EU Market: EU carbon soars 13% on short-covering, energy in biggest rise for 3 years

Published 13:07 on April 26, 2016  /  Last updated at 20:50 on April 26, 2016  / Ben Garside /  EMEA, EU ETS

EU carbon prices surged to a three-month high in volatile trade on Tuesday, with traders attributing the gains to speculative short-covering and utility buying amid large gains in the wider energy complex.

(Updates throughout)

EU carbon prices surged to a three-month high in volatile trade on Tuesday, with traders attributing the gains to speculative short-covering and utility buying amid large gains in the wider energy complex.

Front-year EU Allowance futures trading on ICE ended up 75 cents or nearly 13% at €6.65, just shy of the day’s €6.71 peak, which was touched earlier in the afternoon on what appeared to be a brief but sharp spike in buying caused by triggered stop-losses.

The day’s rise was the largest in more than three years.

Volume on the bellwether contract was heavy at 43.7 million, with a further 7.3 million units changing hands along the rest of ICE’s EUA futures curve.

Prices initially dipped at the open to their intraday low of €5.87, but then marched higher throughout the morning before surging around midday in London after the futures breached a technical resistance level around €6.23-6.25.

“The gains were fuelled by a mixture of rocketing power prices … and stop losses triggered after short speculators that gambled on a fall after yesterday’s closing losses had to turn their positions around,” said Redshaw Advisors.

Analysts on Monday warned that EUAs might come under pressure this week from traders tempted to take profits following last week’s near 9% gains.


German power gained more than €1/MWh across the board on Tuesday to hit their highest since early January, with the calendar-year contracts nearing break-even levels around €26/MWh identified by analysts.

The front-year contract settled at €25.76/MWh on EEX, up some 24% from its 2016 closing nadir of €20.85 on Feb. 16.

Meanwhile, European coal posted gains in excess of $1/tonne to levels not seen since last November.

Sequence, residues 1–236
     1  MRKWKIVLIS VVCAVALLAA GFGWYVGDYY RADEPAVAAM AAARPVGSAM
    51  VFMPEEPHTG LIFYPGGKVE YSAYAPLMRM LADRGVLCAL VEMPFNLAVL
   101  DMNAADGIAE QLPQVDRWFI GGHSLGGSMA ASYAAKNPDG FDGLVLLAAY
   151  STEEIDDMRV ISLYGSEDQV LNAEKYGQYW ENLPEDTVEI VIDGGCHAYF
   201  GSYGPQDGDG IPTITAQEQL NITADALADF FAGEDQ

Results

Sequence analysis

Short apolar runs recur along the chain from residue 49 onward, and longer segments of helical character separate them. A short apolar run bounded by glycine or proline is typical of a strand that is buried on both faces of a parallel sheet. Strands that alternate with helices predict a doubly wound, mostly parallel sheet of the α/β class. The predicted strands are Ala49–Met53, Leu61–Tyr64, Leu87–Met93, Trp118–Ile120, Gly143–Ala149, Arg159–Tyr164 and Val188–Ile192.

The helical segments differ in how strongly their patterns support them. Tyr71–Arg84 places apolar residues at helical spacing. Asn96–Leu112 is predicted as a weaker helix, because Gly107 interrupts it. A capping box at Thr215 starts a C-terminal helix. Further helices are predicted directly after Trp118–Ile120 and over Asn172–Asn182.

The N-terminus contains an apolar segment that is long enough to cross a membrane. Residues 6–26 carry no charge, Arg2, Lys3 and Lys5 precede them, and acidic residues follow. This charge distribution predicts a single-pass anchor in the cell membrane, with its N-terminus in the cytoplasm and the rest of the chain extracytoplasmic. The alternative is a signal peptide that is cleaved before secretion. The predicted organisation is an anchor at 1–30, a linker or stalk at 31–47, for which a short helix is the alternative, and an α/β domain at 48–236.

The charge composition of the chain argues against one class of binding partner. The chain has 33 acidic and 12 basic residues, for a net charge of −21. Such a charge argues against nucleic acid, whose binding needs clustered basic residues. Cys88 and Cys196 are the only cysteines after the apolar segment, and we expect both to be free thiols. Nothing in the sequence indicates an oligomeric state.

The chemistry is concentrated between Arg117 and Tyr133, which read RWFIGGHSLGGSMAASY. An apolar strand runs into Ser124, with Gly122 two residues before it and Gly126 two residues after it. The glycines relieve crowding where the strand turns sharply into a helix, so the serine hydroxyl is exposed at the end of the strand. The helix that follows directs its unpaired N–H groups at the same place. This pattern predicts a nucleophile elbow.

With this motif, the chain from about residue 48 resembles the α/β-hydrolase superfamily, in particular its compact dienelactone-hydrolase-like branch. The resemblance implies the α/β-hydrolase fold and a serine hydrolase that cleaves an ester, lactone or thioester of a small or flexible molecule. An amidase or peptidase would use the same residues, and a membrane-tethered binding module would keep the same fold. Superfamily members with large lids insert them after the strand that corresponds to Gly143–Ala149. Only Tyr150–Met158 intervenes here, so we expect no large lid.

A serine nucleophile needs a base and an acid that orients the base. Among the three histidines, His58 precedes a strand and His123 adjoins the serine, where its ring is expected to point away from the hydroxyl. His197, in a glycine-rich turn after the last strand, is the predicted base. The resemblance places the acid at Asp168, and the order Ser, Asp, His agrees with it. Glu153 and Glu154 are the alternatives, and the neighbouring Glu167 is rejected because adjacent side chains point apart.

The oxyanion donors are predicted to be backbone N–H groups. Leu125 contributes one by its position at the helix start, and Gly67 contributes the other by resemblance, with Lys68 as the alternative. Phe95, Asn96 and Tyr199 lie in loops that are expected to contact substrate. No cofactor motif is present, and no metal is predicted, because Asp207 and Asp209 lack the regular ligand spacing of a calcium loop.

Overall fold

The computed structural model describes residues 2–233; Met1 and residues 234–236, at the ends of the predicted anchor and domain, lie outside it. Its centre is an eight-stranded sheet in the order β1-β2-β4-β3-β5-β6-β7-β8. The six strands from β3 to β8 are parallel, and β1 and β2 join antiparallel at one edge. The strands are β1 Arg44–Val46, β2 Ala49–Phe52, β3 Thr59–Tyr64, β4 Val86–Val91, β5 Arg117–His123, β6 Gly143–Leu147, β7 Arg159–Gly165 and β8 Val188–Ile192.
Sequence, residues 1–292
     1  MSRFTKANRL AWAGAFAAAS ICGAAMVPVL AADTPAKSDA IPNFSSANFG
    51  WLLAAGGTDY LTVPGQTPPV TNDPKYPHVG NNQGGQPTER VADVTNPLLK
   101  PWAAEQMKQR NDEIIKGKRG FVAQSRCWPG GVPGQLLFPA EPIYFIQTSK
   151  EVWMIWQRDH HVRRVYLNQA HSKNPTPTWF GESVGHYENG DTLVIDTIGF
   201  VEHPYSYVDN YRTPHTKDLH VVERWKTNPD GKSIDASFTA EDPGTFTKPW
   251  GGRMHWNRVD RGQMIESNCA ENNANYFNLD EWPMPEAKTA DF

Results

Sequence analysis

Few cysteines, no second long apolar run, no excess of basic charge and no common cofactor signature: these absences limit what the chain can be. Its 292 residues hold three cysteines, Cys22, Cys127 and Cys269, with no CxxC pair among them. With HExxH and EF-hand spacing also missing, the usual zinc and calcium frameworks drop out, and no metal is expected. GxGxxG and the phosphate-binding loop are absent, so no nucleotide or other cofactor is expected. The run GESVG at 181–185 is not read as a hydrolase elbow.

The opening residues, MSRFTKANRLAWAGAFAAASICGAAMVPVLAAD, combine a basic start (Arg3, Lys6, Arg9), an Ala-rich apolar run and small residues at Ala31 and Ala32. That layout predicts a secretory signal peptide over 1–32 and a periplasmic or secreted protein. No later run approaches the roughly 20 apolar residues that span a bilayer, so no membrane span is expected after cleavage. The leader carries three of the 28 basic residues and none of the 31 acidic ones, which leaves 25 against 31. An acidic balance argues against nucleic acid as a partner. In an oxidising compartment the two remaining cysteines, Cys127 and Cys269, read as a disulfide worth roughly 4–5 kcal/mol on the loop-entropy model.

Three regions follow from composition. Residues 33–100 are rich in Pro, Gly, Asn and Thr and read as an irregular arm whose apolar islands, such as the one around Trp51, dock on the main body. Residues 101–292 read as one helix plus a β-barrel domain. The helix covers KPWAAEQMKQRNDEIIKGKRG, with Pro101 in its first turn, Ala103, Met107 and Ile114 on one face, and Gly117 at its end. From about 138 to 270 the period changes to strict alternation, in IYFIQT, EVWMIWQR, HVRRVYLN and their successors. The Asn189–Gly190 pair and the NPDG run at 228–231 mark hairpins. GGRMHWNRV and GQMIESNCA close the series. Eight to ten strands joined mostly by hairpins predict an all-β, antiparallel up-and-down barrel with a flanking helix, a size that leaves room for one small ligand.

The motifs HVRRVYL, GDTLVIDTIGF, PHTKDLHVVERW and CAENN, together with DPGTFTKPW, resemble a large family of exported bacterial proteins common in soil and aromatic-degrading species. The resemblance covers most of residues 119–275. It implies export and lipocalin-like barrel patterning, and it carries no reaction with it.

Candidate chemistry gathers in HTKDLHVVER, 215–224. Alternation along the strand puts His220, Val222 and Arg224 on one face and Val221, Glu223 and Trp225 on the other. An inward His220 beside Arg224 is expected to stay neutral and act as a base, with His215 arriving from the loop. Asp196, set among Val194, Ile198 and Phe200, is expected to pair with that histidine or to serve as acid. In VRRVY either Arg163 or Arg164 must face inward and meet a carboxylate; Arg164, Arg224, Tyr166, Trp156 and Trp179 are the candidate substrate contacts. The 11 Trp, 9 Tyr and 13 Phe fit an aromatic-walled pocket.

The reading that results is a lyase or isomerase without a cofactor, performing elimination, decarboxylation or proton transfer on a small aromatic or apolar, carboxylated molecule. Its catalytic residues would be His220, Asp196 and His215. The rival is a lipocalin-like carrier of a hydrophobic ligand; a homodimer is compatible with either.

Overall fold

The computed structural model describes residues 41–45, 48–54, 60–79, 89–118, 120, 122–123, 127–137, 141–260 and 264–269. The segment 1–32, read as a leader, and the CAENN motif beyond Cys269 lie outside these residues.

Cargoes for delivery in Rotterdam next year settled on ICE at $46.96/tonne, up some $10 from their February lows.  The futures curve also flattened, with the front-year contract nearing contango – something not seen since last October.

These factors combined to push the German clean dark spreads up to two-month highs.

The Dec-16 EUAs slipped back down to €6.21 just after 1430 GMT, but gains in Brent crude, which is up by around $8 or 21% in the past three weeks, provided fuel for a late afternoon rally that helped carbon end near its session peak.

“Utility buying interest puts them firmly in the driving seat as to where carbon goes next,” Redshaw said. “Speculators will be wary of opening short positions for fear of getting burnt in further large moves, so much will depend on how power prices behave in the short term to determine where the top for carbon is.”

Several market participants debunked media reports that Tuesday’s EUA price rise was linked to French President Francois Hollande announcing on Monday that his country would unilaterally adopt a price floor for carbon allowances.

The French Environment Ministry on Tuesday confirmed that the country will introduce a domestic EUA floor price for power generators from Jan. 2017.


Despite still being down around 20% since December, EU carbon prices are up nearly 40% since the start of the latest rally, which kicked off at the end of March.

But in that time, open interest on the benchmark ICE Dec-16 contract has fallen by around 19 million or 3.4% to 539.8 million tonnes, suggesting that traders covering bearish bets on the most liquid EUA contract accounted for a large portion of the recent gains.

“A big fall in open interest, with prices going up, suggests short-covering,” said Trevor Sikorski, an analyst with London-based Energy Aspects.

Meanwhile, open interest on the later-dated March and December futures for delivery on ICE between 2017 and 2019 – contracts most likely to be bought by Europe’s big utilities to hedge their forward power sales – has risen by more than 30 million or 7.6% to 434.2 million over the same timeframe.

Observers earlier this year noted that some utilities had delayed the restart of their hedging activities following the Christmas break due to collapsing power prices and rock-bottom clean dark spreads.

But two traders suggested that improving dark spreads had attracted utilities back to the market, and that they were supporting the recovery in EU carbon prices.

Last-minute EUA buying may have also played a role in Tuesday’s rise, as the deadline to surrender carbon units for 2015 EU ETS compliance is effectively this Friday because the actual Apr. 30 deadline falls on a Saturday.

Carbon’s upward trajectory was little changed by Tuesday morning’s EU auction, despite its fairly weak indicators. The sale cleared four cents below the secondary market at €6.08, with below-average bid coverage of 1.91.

By Mike Szabo and Ben Garside –